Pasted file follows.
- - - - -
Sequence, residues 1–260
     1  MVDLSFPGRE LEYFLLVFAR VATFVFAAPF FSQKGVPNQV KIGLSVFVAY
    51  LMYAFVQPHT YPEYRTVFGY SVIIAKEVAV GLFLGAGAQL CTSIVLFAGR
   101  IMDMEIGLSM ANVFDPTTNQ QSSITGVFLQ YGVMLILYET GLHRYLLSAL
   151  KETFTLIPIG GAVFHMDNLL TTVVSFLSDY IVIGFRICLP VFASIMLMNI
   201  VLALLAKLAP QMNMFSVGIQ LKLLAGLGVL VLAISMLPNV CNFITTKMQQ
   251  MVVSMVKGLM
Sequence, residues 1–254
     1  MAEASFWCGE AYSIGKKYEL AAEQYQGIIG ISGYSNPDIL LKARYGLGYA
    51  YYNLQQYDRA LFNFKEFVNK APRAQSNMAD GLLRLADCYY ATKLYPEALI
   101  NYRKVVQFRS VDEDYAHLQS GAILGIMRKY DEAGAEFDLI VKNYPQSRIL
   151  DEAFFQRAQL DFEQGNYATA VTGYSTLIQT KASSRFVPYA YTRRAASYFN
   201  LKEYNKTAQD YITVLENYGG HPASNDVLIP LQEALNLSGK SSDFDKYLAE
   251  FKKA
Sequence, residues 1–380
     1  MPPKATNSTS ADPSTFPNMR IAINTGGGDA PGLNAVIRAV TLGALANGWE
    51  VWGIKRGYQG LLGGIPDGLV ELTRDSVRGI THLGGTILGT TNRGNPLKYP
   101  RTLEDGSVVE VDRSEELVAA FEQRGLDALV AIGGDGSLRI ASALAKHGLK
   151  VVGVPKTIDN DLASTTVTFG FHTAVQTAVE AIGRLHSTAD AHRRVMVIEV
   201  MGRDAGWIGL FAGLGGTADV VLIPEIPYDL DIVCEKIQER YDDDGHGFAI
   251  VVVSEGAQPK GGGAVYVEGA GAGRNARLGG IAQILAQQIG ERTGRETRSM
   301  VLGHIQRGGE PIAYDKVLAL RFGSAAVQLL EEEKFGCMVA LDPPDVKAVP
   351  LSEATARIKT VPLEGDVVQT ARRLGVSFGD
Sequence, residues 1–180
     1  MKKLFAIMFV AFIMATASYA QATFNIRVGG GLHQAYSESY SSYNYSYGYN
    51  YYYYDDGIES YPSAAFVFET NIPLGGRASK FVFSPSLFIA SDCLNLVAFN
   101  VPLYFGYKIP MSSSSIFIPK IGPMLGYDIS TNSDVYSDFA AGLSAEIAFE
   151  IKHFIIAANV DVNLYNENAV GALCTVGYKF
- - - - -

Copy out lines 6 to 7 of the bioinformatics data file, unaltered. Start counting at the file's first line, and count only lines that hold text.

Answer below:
   201  VLALLAKLAP QMNMFSVGIQ LKLLAGLGVL VLAISMLPNV CNFITTKMQQ
   251  MVVSMVKGLM